NORTH CHARLESTON, S.C. (WCIV) -- Goodwill is a retail store and place for donations, but it is also a business that changes lives. Recently a Forbes article pegged Goodwill Industries as 2013's social enterprise.
Veterans like Bernard Weiters can understand why.
"Goodwill brought out something in me that I didn't know that I had," he said.
When you see his smile and eyes full of life, it is hard to imagine Weiters' former life.
"No hope. No self pride. I just lost everything," he said.
The 61-year-old says he left the military in 1979, but making the transition to civilian life was hard.
"Life was going fine. Then I had a downfall with an addiction of alcohol," he said.
From there, his life spiraled out of control. He was jobless and homeless.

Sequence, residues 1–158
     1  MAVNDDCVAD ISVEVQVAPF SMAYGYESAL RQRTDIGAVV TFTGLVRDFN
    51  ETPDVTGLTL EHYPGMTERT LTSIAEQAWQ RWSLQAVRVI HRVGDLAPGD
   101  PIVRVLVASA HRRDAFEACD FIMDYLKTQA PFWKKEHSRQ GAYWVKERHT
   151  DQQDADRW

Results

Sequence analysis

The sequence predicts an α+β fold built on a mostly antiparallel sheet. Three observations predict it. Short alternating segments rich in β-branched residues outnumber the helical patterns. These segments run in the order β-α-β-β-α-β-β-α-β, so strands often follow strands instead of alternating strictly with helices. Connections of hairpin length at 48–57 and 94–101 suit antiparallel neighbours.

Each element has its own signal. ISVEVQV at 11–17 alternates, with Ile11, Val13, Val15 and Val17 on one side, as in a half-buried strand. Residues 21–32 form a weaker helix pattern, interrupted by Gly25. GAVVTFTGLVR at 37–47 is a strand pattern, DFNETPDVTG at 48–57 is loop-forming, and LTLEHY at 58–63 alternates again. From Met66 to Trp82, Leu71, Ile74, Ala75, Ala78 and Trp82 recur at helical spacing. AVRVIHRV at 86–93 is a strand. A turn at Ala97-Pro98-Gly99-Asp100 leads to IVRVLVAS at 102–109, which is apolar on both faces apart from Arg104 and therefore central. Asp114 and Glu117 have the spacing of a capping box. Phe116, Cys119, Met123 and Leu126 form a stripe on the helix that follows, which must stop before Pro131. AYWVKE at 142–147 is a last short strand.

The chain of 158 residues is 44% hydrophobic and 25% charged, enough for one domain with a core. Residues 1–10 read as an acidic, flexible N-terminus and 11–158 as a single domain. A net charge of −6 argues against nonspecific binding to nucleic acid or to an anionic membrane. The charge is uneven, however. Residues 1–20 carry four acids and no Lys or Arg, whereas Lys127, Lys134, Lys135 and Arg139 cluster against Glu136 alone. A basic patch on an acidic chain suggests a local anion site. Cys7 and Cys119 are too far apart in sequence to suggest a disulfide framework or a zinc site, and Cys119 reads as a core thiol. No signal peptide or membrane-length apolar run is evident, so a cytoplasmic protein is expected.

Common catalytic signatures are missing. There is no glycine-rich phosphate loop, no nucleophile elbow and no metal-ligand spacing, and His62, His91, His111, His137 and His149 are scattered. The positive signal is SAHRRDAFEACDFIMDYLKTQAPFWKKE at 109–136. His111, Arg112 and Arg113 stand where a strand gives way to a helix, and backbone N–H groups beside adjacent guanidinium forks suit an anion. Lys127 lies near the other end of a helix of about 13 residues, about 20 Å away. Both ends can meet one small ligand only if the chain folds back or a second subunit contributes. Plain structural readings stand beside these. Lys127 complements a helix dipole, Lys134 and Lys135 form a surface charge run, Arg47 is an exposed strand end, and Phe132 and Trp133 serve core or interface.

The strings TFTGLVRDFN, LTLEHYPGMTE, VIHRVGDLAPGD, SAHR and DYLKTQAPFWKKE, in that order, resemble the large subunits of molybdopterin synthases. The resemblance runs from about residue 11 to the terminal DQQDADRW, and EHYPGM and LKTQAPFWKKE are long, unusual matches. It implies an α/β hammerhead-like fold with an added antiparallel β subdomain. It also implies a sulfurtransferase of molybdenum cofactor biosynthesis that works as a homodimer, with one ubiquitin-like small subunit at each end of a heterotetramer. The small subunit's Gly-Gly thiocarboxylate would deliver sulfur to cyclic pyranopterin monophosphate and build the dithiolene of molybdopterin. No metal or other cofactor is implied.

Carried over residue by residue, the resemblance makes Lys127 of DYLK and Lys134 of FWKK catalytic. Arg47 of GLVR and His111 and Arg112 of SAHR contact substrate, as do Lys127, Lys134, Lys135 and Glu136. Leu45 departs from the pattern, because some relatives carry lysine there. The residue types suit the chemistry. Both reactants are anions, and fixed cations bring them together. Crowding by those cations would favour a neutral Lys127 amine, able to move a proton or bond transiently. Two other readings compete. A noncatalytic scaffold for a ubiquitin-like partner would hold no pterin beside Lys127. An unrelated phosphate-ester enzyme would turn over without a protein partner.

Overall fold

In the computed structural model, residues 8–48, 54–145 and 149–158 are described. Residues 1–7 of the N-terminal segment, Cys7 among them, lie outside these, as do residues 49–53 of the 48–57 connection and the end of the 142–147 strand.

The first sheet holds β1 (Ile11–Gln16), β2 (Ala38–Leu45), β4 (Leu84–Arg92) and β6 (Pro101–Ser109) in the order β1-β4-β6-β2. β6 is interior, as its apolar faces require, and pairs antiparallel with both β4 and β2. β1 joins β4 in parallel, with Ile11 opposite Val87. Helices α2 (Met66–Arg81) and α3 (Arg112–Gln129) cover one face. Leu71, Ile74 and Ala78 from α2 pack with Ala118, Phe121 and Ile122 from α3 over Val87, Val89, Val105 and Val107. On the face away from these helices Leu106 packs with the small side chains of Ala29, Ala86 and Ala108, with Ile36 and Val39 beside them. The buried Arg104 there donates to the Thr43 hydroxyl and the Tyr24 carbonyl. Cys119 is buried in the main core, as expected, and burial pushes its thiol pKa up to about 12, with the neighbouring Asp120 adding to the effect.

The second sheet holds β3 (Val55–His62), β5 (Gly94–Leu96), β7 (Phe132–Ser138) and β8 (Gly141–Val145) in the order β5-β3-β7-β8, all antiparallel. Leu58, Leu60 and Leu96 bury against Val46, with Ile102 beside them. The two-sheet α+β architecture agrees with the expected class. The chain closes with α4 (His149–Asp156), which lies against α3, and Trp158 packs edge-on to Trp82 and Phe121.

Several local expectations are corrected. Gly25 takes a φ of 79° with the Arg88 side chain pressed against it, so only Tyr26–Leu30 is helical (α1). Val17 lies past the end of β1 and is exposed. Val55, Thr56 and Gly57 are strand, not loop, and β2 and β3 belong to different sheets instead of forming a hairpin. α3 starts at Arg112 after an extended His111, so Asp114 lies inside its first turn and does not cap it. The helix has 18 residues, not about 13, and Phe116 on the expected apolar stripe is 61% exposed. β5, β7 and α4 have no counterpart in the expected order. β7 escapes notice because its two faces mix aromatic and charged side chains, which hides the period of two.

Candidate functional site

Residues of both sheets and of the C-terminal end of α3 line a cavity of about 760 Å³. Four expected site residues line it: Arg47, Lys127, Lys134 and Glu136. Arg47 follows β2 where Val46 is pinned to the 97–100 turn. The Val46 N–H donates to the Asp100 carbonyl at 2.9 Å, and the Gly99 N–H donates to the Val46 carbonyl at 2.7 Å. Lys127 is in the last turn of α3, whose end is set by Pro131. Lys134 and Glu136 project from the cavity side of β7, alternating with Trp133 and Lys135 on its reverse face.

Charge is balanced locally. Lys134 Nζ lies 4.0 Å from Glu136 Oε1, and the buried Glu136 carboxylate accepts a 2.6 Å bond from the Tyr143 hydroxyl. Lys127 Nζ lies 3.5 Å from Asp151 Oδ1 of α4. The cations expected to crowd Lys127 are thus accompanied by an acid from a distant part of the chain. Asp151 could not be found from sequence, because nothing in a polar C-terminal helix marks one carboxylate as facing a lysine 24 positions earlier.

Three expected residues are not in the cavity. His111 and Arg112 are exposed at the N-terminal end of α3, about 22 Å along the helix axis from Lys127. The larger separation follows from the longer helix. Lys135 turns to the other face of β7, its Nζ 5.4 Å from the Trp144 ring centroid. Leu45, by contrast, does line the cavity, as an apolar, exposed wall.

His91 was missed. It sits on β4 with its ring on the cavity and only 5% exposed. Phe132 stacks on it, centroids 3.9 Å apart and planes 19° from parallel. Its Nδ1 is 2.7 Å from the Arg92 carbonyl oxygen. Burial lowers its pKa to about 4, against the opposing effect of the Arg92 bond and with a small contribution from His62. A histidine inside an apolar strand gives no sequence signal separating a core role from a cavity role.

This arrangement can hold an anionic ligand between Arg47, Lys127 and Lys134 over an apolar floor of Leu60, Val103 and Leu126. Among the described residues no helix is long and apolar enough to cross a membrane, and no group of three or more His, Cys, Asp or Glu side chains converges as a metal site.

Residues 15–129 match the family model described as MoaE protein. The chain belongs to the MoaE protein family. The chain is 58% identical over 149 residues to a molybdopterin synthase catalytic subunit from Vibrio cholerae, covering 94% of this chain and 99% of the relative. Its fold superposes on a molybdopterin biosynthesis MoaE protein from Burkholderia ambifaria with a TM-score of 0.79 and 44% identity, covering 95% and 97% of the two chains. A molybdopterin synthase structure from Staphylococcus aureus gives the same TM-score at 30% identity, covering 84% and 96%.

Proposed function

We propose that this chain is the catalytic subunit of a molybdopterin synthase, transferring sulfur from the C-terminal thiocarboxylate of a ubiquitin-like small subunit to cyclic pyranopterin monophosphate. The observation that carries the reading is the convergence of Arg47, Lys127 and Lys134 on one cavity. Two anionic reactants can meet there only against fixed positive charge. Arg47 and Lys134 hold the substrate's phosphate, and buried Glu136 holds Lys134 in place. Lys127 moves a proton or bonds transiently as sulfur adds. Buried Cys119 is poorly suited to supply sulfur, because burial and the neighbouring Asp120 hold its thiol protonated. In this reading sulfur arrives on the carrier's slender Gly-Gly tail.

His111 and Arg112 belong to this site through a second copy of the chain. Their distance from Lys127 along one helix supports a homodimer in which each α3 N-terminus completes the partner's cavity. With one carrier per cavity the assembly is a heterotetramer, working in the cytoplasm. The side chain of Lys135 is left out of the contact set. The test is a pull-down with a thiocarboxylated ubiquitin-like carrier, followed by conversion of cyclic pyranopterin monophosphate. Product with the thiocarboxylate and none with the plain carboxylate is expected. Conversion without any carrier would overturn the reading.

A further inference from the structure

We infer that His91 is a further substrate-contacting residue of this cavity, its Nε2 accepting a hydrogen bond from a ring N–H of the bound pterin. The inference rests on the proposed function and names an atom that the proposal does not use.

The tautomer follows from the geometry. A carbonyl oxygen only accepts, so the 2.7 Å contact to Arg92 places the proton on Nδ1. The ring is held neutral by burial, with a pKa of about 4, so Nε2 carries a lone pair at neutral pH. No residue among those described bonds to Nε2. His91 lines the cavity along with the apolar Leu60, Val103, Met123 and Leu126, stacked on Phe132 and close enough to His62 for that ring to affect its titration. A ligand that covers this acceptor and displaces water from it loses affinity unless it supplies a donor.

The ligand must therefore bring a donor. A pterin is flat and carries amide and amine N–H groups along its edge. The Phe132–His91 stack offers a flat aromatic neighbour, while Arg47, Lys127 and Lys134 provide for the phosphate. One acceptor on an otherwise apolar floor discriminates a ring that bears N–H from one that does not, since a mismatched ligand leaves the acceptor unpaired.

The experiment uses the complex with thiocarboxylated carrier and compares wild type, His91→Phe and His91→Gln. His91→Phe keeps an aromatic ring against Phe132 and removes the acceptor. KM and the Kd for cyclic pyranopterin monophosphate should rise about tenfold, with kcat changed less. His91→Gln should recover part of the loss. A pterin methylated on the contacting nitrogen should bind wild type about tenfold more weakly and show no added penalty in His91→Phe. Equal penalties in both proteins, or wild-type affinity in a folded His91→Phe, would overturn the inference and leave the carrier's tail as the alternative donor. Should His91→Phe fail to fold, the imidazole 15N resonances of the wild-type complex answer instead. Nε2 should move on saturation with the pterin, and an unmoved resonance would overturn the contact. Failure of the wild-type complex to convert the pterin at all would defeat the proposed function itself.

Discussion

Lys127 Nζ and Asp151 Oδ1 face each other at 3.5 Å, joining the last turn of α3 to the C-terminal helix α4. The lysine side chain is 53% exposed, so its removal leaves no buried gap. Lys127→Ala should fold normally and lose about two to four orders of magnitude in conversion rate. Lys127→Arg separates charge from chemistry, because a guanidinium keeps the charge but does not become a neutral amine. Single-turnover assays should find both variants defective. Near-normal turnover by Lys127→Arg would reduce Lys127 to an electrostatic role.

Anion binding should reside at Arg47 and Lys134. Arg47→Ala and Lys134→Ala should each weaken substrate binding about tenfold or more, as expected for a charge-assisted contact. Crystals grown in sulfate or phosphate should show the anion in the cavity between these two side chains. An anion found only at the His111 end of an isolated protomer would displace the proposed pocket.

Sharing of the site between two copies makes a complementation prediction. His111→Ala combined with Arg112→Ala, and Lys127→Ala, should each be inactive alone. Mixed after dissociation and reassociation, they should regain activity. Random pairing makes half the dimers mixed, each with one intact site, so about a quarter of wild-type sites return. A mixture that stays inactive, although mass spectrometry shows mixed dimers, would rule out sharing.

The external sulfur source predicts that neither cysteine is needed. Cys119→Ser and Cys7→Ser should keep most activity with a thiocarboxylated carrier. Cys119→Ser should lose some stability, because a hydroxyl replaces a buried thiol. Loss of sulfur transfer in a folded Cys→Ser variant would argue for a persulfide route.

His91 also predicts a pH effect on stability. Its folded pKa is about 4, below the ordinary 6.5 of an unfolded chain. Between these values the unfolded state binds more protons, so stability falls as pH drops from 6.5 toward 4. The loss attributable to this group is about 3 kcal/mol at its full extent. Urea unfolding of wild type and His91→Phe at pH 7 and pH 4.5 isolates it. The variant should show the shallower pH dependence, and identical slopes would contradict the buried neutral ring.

Weiters realized he needed to turn his life around. While at the Veterans Hospital in Charleston, they connected him with Goodwill.
"I said Goodwill? I said that's a clothing store. I had been about every place in Charleston, unemployment office job seminars, and there was nothing," he said.
Now he says Goodwill is his saving grace.
A program called Operation Independence helps veterans train for job and search for employment, as well as helps them receive housing assistance.
The program began in 2004 when Goodwill was awarded a Department of Labor Homeless Veterans Reintegration Program grant. When the funding ended in 2009, Goodwill committed to continue to fund the program.
Weiters worked for Goodwill but has been working a maintenance technician in Johns Island for the past couple of years.
"It gave me my pride back. It gave me respect back and opportunities," he said.